Division Switches from Beet Juice to AMP
With public safety as priority, Marshfield Street Division is continually improving how streets are treated during (and even before) a snow event takes place. The latest change is progressively switching from beet juice to a solution called “AMP”.
“We switched from beet juice to AMP for a couple of reasons,” said Kurt Bornbach, Assistant Street Superintendent. “The cost of AMP and beet juice is the same. AMP reduces the corrosiveness of sodium chloride (salt) more than beet juice. AMP has finer solids in suspension which eliminates the need for tank recirculation, and eliminates filter plugging on application trucks. AMP bonds to the pavement better than beet juice which gives a better residual effect, extending the time when anti icing is effective.”
“We have not totally gone away from beet juice, a product that has benefits much like AMP, but as we learn more about the characteristics of AMP and the way it performs, we may,” he added.
In an effort to improve response times and to help better avoid snow problems, in the past two years, the division has implemented a new system called “anti-icing.”
“The County has been doing this for years in higher traffic areas, such as in traffic intersections and on bridges- places more likely to have accidents,” said Bornbach, adding that the County doesn’t do all of the road because of higher traffic and increased speeds that help dissipate the snowfall.
Even though the same basic chemicals and components are used, anti-icing and pre-wetting are completely different methods.
Anti-icing is when a solution is applied before a storm begins, preventing bond formation between ice/snow and the road. Anti-icing has been making a significant impact on response times to snow and ice storms.
“The biggest benefit is you get that salt underneath, and when it starts snowing, it forms a brine and it keeps the snow from binding to the pavement (if there is a lot of snow),” explained Bornbach. “If there is not a lot of snow, it can even melt it.”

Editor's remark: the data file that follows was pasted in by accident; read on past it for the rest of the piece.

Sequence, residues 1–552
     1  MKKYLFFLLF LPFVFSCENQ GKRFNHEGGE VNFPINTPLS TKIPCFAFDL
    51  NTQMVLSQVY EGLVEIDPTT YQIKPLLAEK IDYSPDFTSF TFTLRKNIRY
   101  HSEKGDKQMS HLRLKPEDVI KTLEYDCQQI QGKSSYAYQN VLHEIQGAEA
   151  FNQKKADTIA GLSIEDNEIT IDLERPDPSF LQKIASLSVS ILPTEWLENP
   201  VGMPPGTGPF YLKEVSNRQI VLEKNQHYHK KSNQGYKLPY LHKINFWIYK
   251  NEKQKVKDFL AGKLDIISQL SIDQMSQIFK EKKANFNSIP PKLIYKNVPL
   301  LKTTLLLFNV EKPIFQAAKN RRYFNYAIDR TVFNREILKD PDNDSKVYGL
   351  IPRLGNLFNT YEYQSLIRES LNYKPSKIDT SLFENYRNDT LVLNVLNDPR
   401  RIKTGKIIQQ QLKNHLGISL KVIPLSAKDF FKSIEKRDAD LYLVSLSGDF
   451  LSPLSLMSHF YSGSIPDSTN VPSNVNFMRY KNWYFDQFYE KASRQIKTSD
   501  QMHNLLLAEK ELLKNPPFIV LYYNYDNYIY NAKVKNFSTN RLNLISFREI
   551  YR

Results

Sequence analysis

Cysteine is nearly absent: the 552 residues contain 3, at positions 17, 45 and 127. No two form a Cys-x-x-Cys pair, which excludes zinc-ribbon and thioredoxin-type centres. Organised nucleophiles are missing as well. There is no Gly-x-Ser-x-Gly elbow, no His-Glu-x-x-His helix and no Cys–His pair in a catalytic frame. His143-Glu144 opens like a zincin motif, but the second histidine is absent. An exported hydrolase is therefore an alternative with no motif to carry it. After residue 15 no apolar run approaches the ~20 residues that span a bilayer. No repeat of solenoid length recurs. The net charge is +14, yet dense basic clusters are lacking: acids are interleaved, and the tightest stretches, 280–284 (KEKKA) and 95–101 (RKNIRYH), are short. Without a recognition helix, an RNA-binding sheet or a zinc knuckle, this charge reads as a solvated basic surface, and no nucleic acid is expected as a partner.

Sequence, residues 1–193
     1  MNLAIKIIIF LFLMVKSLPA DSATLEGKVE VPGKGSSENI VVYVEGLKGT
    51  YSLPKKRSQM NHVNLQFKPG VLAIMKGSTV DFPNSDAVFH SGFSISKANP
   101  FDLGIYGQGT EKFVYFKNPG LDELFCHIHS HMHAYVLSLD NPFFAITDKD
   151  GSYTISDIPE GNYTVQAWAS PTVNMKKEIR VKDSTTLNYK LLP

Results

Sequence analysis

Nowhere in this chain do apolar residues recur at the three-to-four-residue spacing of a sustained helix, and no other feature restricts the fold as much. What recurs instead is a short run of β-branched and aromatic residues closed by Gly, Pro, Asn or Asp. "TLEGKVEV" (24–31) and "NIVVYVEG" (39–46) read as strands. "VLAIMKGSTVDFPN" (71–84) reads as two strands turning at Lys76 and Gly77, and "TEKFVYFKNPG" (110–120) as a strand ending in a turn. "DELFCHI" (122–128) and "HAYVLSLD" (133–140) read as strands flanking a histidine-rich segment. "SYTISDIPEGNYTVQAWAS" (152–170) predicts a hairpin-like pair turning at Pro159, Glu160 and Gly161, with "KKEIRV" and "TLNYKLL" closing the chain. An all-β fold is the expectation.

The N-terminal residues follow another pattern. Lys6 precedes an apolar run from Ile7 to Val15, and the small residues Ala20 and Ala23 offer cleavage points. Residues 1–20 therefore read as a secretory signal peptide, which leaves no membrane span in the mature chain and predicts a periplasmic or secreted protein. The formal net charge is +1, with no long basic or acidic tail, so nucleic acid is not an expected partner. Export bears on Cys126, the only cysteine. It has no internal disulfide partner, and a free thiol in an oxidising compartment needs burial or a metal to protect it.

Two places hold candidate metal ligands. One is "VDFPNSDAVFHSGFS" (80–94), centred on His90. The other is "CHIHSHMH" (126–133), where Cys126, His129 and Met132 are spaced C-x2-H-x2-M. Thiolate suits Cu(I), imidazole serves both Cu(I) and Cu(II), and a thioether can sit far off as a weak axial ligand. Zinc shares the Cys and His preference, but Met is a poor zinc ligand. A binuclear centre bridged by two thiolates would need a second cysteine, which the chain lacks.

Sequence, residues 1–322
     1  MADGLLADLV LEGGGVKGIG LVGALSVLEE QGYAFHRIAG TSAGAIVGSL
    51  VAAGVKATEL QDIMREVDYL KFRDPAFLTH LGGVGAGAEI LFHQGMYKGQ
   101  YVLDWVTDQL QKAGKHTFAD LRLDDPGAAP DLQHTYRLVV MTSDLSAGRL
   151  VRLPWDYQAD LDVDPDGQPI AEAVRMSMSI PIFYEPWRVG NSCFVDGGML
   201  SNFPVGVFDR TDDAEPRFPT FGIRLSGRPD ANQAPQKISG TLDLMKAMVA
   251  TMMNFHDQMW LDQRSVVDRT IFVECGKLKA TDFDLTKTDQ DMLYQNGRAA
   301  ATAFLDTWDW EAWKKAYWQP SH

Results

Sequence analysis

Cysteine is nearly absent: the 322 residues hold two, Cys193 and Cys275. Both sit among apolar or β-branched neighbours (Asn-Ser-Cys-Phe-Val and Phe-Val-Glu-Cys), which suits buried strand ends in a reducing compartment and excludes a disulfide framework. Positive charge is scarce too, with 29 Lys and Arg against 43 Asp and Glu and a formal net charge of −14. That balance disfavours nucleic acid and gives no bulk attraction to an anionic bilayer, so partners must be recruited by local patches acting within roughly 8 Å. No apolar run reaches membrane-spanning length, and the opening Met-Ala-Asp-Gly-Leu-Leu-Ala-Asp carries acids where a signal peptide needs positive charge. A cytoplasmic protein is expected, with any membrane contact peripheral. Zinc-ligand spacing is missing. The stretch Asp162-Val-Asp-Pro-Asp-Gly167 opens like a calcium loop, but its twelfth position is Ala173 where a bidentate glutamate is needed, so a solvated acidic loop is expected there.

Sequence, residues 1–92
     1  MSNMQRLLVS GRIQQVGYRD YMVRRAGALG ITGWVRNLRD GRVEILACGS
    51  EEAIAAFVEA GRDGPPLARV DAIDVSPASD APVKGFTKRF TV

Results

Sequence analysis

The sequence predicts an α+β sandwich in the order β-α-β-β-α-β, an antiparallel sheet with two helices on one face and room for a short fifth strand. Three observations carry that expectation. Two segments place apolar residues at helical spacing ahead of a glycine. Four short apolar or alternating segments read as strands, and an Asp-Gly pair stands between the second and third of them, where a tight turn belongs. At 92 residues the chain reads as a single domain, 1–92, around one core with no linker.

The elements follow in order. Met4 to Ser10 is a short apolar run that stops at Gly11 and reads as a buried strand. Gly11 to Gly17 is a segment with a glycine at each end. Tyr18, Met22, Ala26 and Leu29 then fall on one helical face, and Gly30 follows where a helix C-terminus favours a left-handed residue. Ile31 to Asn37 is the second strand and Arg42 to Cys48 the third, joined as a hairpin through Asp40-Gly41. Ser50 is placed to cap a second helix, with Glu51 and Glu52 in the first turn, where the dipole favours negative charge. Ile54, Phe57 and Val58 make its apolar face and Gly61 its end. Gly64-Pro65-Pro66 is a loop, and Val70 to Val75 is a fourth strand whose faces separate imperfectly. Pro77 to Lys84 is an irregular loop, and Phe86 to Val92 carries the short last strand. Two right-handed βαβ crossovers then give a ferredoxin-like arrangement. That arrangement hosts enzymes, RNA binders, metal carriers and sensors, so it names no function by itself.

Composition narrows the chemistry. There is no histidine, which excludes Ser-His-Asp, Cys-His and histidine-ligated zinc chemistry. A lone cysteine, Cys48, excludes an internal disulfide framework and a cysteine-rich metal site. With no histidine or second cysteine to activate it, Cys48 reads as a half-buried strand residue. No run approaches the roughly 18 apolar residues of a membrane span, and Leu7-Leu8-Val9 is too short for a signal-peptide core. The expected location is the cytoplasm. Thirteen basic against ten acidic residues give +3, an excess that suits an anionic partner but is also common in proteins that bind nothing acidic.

With 321.2 lane miles in the City of Marshfield, the division is currently anti-icing about 175 lane miles, including major thoroughfares such as Central Avenue, Lincoln Avenue, Oak Avenue, Peach Avenue, and 29th Street, which account for upwards of 60% of day traffic.
“With the addition of our brine maker in March, we have expanded our anti icing program because we have a readily available supply of salt brine,” added Bornbach. “We are now anti icing 175 lane miles. Previously we were limited to the 90 lane miles because of our storage capacity and availability of brine from Wood County.”
Along with making roads safer, there are cost savings to the new anti-icing method, a result of less salt usage and reduced need for overtime.
For example, the division anti-iced on a Friday before a snowstorm started. After the snowfall, one worker was called in to conduct spot de-icing. Without anti-icing, the division would have needed approximately six overtime workers to help clear the roads.
With every snow event, the division keeps careful records to better analyze cost and potential cost savings.
Summary and Additional Information:
Anti-Icing is Proactive
-Application of deciding chemicals prior to storm
-Prevents bonding of snow and ice to pavement
-Reduces the freeze point of water
Pre-Wetting (De-Icing) is Reactive
-Application of de-icing chemical during/after the storm
-Bonding of snow and ice to the pavement
-Increased use of resources
-Use 4 times more material to de-ice
Benefits of Liquid Anti-icers
-Reduced bonding of snow and ice
-Environmentally friendly compared to sand
-Less material cleanup
-Reduced chemical usage
-Allows users to get ahead of the storm